Akil Patterson is a youth programs leader for Athlete Ally, a New York-based nonprofit that seeks to raise public awareness about homophobia and transphobia in sports. He was an offensive lineman for the University of Maryland football team from 2001 to 2003.
I know what it feels like to be Michael Sam: young, black and gay, with hopes of being a high-round draft pick for the NFL. Ten years ago, that was me. But there’s a vast difference between how my life unfolded and how Sam is being received after announcing that he is gay. A decade ago, no one in football was ready for this kind of truth.
In 2001, I became an offensive lineman at the University of Maryland — and I had grand plans. Like my teammates Domonique Foxworth and D’Qwell Jackson, both of whom went on to successful NFL careers, I wanted to be drafted to play in the pros. I also wanted to get involved in local community service, which I thought would help me chart a career in social justice after football. I turned down scholarships from football powerhouse Penn State as well as the University of Delaware to play in Maryland, close to the political action in Washington. After a few good years in the NFL demonstrating a commitment to public service, I figured I could go the way of Steve Largent, Jack Kemp or Jon Runyan.
But my thoughts were also consumed with my sexual orientation. I wanted to be straight. I wanted to enjoy all the privileges bestowed upon heterosexuals — especially our gridiron greats. In August 2002, my sophomore year, a man kissed me. It led to my first sexual experience with a man. It also made me angry and confused. I told myself that I had been seduced. I blamed him as I tried to push away my feelings. Living in my world and fulfilling my dreams seemed dependent on having a heterosexual life.
Someone on the football team found out about that encounter, and soon my roommate discovered gay porn on my computer. Gossip about me spread like wildfire. I suspected that everyone then knew I was gay, yet that didn’t stop players and coaches from using the same homophobic slurs and putdowns that had been commonplace throughout my experience in organized sports. It didn’t get to the level of bullying that Jonathan Martin endured with the Miami Dolphins, but no one reached out to me, either.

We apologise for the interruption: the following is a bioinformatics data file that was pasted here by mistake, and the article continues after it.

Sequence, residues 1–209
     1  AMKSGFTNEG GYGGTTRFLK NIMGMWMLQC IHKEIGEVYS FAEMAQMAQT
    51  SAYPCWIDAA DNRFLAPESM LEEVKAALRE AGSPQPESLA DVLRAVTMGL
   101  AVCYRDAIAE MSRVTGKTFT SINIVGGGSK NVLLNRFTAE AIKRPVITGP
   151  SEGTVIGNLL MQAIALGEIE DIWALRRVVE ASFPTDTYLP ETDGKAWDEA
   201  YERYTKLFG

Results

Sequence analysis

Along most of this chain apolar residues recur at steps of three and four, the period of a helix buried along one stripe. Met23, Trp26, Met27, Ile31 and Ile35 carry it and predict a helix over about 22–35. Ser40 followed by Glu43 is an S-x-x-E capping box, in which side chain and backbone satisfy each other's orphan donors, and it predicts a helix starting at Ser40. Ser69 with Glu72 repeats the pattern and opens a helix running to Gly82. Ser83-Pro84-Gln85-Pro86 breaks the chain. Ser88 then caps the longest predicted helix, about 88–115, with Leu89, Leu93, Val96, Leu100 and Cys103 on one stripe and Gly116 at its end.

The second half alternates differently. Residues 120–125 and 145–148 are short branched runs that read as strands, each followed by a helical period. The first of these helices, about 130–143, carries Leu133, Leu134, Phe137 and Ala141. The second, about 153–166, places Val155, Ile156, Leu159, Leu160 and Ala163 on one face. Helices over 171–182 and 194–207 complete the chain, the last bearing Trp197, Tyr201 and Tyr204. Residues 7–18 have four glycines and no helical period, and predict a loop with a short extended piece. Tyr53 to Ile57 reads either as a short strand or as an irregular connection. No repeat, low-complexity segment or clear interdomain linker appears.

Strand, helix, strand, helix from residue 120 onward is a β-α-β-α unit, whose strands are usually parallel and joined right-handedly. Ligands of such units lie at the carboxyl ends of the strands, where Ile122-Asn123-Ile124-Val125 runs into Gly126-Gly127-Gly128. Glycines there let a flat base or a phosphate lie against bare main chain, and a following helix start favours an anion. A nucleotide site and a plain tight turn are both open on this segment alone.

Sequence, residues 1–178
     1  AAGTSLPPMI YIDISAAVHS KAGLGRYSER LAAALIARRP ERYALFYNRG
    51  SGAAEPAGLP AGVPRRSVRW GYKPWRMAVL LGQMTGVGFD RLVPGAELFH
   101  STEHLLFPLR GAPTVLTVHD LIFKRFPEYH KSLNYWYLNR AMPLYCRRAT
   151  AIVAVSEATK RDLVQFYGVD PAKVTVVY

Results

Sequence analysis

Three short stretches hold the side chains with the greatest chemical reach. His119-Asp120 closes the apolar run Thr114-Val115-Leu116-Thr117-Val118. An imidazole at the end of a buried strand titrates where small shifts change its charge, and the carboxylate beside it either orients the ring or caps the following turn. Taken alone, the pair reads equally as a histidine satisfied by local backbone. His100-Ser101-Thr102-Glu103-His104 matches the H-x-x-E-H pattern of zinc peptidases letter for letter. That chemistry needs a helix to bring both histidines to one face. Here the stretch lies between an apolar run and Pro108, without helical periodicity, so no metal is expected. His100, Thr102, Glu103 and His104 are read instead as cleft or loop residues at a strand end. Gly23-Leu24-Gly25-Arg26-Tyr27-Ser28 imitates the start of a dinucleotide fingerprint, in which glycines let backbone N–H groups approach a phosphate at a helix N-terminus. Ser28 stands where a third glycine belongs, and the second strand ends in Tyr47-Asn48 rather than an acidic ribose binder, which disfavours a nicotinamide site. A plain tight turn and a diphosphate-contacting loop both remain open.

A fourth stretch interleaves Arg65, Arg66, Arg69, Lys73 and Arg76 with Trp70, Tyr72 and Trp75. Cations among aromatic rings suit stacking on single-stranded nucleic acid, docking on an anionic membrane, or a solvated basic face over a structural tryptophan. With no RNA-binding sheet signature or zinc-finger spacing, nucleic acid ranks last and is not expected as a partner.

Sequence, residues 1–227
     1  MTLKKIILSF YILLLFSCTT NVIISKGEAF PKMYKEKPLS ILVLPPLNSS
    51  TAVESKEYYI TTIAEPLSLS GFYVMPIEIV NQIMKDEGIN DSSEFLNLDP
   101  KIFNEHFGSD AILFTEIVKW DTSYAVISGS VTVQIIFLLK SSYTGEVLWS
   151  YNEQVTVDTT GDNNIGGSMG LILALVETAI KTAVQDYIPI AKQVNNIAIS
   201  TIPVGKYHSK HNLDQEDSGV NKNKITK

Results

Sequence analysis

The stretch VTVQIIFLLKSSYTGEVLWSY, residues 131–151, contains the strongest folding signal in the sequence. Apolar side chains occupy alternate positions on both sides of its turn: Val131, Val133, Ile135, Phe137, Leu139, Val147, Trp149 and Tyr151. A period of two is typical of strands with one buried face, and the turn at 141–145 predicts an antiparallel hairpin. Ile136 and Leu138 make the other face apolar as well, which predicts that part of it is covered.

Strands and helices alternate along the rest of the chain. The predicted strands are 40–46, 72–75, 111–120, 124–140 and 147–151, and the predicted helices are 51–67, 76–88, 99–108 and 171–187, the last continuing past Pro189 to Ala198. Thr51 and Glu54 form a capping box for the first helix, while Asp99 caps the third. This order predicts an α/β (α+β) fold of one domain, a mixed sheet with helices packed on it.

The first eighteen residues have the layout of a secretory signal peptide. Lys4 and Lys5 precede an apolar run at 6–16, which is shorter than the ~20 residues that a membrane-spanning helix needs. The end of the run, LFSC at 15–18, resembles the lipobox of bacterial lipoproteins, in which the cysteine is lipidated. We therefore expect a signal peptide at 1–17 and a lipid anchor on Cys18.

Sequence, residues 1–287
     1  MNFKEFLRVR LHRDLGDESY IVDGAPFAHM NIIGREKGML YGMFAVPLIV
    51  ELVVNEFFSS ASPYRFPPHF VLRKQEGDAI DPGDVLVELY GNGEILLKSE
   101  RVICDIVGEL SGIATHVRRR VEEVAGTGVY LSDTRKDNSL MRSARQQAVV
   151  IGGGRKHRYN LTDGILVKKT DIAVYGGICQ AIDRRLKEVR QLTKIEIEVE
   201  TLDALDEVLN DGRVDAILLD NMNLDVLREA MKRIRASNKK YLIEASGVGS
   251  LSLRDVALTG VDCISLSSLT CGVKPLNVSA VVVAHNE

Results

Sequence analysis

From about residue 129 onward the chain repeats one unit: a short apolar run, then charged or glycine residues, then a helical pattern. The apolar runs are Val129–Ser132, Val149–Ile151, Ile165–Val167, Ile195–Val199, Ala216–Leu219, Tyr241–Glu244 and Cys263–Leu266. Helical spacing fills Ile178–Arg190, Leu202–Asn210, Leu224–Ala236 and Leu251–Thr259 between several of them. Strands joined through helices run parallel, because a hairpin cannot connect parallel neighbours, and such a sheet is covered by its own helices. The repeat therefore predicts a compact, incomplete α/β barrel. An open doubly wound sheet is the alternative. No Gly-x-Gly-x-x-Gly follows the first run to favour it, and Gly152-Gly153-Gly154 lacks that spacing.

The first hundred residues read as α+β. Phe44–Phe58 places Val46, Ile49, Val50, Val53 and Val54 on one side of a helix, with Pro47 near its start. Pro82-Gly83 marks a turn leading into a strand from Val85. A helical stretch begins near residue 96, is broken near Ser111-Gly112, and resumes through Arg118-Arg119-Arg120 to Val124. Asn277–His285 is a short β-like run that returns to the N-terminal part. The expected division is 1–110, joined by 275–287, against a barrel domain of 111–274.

Football was supposed to be my ticket. I knew it could pave the way for everything I wanted to achieve. But football also felt like a tomb in which I was being buried alive. When teammates asked if I was gay, I responded by sleeping with women. I became angrier and self-destructive. I drank too much. I became depressed.
At that point, I reached out to my coaches. Drinking was a problem they could understand and discuss. Their advice: Just be happy. I took this as code for: “Just don’t be gay.”
I transferred after my junior year, trying to leave self-destructive behavior behind.
Yet I was still gay. I went to an LGBT support group at my new college, but I felt like an outsider there, too. There were other African Americans in the room but no other athletes. My performance on the field suffered, and my draft hopes faded. I grew convinced that scouts suspected I was gay and that I would be labeled a “distraction.” It all seemed pointless.
Like countless athletes of my generation and earlier ones, I wasn’t ready to take on a whole system and culture. Even now, despite the progress made by trailblazing athletes and tireless advocates, many young people still feel that revealing their personal truth would come at too high a cost. The hurdles are inherently higher for LGBT youth of color: 43 percent have had suicidal thoughts or attempted suicide, according to the National Strategy for Black Gay Youth in America, and more than half have been disowned by their families after coming out.
What I loved most about being an offensive lineman was creating opportunities for the running back or protecting the quarterback. In my life after football, I work to create opportunities for LGBT athletes that I never had. Having openly gay players in the NFL would go a long way toward helping LGBT athletes realize they are not alone. But making sports a safe and welcoming place for all participants will take much more. A good start would be open dialogue by administrators, coaches and players at every level about why diversity matters and how it benefits performance on the field.
Michael Sam’s every move will be dissected during the NFL Scouting Combine these next few days. But the measure of our collective sportsmanship will be determined by our response to his courageous steps: the actions we take to create a level playing field in athletics — one that does not discriminate against anyone.